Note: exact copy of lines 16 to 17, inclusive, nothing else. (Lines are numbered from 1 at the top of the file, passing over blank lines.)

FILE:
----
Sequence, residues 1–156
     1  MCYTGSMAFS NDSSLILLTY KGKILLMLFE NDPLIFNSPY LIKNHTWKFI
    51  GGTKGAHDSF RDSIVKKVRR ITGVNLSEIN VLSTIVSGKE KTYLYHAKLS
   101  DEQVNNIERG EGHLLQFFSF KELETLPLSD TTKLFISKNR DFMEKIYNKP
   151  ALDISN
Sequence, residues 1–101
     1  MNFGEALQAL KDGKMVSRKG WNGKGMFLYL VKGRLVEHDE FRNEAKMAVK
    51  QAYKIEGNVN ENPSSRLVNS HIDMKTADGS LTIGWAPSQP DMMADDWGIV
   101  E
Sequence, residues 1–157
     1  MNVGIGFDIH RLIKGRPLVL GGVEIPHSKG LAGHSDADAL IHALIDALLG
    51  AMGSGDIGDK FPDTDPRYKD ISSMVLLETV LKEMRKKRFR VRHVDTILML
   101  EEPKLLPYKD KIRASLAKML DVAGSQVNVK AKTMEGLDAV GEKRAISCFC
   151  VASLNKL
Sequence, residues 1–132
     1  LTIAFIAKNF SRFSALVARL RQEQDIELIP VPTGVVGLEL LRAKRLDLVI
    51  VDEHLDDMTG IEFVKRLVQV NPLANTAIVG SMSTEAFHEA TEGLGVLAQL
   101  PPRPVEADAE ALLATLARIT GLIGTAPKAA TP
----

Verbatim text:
     1  LTIAFIAKNF SRFSALVARL RQEQDIELIP VPTGVVGLEL LRAKRLDLVI
    51  VDEHLDDMTG IEFVKRLVQV NPLANTAIVG SMSTEAFHEA TEGLGVLAQL